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David Tarras

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Dave Tarras, born in Ukraine, played in Yiddish theater pit bands soon after arriving in New York in the early 1920s. He was a versatile musician who created a new klezmer sound that fused popular American music with recognizable European roots. Photograph by Jack Mitchell, Courtesy Center for Traditional Music and Dance
Dave Tarras with his Aunt Malka in Ternovka, ca. 1910, Courtesy Henry Sapoznik
Dave Tarras on tour with Joseph Cherniavsky's Yiddish-American Jazz Band, ca. 1924, Courtesy Henry Sapoznik
Dave Tarras, ca. 1935, Courtesy Henry Sapoznik
Right to left: Dave Tarras, Sammy Beckerman, Sammy Kutcher, Irving Gratz, Leo Kutcher, ca. 1940s, courtesy Henry Sapoznik
Dave Tarras, ca. 1940s, courtesy Henry Sapoznik
Dave Tarras tribute, 1984 National Heritage Fellowship Concert, courtesy National Endowment for the Arts
Dave Tarras, photograph by Ricki Rosen, courtesy National Endowment for the Arts

Dave Tarras, a native of southern Ukraine, learned to play the clarinet as a young man. By the time he immigrated to the United States in 1921 and settled in New York City, he was an accomplished musician. His first job in New York was in the fur industry, though in a relatively short time he began to play in Yiddish theater pit bands.

Tarras made two recordings for the Columbia label in 1924 and soon became the preferred accompanist for many popular figures in Yiddish theater, including Aaron Lebedeff, Moyshe Oysher, Molly Picon, Maurice Schwartz, Sidor Belarsky, Seymour Rechzeit and Miriam Krassen and many of the great cantors of the era, such as Leible Waldman and Jan Peerce. He also was employed by Jewish composers and orchestra leaders to play in the concert orchestras of Joseph Rumshinsky, Abraham Ellstein, Sholom Secunda and Alexander Olshanetsky. In addition to this work in orchestras, theaters and recording studios, he was active in the immigrant Jewish community, performing for various Hasidic groups.

Tarras' repertoire was far-reaching, reflecting his own regional and familial background from Eastern Europe, but also building upon his unique capabilities as a musician. He was renowned for his versatility, his talent as a composer, his choice of traditional melodies and the virtuosity of his tone and phrasing. Over the course of his career, Tarras created a new klezmer sound that fused popular American music with recognizable European roots. Klezmer improvisation techniques are similar to those of American fiddle or Greek music: Basic melodies are embellished through slurs and ornamentation. Americanized klezmer music centers on clarinet melodies.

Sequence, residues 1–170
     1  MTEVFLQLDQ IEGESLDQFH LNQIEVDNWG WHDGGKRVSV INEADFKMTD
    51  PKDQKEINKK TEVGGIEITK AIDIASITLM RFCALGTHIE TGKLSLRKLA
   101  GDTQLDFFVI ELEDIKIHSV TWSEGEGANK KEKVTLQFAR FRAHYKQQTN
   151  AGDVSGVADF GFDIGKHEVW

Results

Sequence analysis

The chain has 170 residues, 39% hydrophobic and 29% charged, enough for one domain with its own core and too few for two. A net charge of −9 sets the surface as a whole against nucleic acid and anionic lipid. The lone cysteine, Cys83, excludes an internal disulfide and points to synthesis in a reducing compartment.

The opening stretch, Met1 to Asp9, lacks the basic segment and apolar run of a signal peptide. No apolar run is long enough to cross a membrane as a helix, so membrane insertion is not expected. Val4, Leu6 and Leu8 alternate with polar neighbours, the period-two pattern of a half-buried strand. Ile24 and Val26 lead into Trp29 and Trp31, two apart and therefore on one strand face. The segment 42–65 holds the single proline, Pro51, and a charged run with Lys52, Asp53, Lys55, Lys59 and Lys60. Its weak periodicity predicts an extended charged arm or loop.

Klezmer, like the Yiddish language itself, is a creative combination of different cultural features and styles, combining the long, melismatic melodic line of cantorial phrasing with rhythms of Eastern European village dance tunes, the shepherd's clarinet with the gypsy violin, the instrumental techniques of art music with the free, improvisational style of Near Eastern folk music. Klezmer has been credited with influencing the development of American popular music, especially in the swing era.

The Tarras family comprised three generations of Hasidic klezmorim who settled in various towns of southeastern Ukraine. There they came into contact with gypsy musicians who played lively music on a variety of instruments. In combining these influences with the traditional Jewish repertoire, Jewish musicians further developed a new form of dance music. The hallmarks of this style are the dances named bulgar, honga, hora, sirba, and the melodic diona.

Over the course of his career, Tarras made hundreds of recordings for almost every major label. In addition to klezmer, he recorded with numerous trios and ensembles, playing the clarinet part for Greek, Polish, Ukrainian and other styles of American popular music. Like many other clarinetists, he sometimes "doubled" on saxophone, which has a similar fingering.

Bibliography
Davidow, Ari. "Klezmer." Whole Earth Review (fall 1995) 87: 92.
Ferraro, Susan. "The Clamor for Klezmer." American Way (July 1983).
London, Frank. "An Insider's View: How We Traveled from Obscurity to the Klezmer Establishment in Twenty Years." Judaism (winter 1998) 47, 1: 40.
Lornell, Kip, and Anne K. Rasmussen, eds. Musics of Multicultural America. New York: Schirmer Books, 1997.
Slobin, Mark. "The Neo-Klezmer Movement and Euro-American Musical Revivalism." Journal of American Folklore (1984) 97.

Discography
Tarras, David, et al. David Tarras, Vol. 1. Global Village 105.
______. Dave Tarras, Vol. 2. Global Village 106.
______. Dave Tarras: Yiddish-American Klezmer Music 1925-1996. Yazoo 7001.
______. Master of the Jewish Clarinet. BA US 1002.

Watch

Masters of Traditional Arts kiosk video, produced by Documentary Arts

Listen

Dave Tarras, audio biography, produced and recorded by Alan Govenar, edited and narrated by Nancy Lamb

Dave Tarras, 'Tsignaneshti,' Music for the Traditional Jewish Wedding, Ethnic Folk Arts Center EFAC A8902

Dave Tarras, 'Kishinev,' Music for the Traditional Jewish Wedding, Ethnic Folk Arts Center EFAC A8902

Dave Tarras, 'Unzer Toirele,' Yiddish-American Klezmer Music 1925-1956, 1992, Yazoo Records, Yazoo 7001

Dave Tarras, 'Pas D'Espan,' Yiddish-American Klezmer Music 1925-1956, 1992, Yazoo Records, Yazoo 7001

Dave Tarras, 'Zum Gali Gali,' Yiddish-American Klezmer Music 1925-1956, 1992, Yazoo Records, Yazoo 7001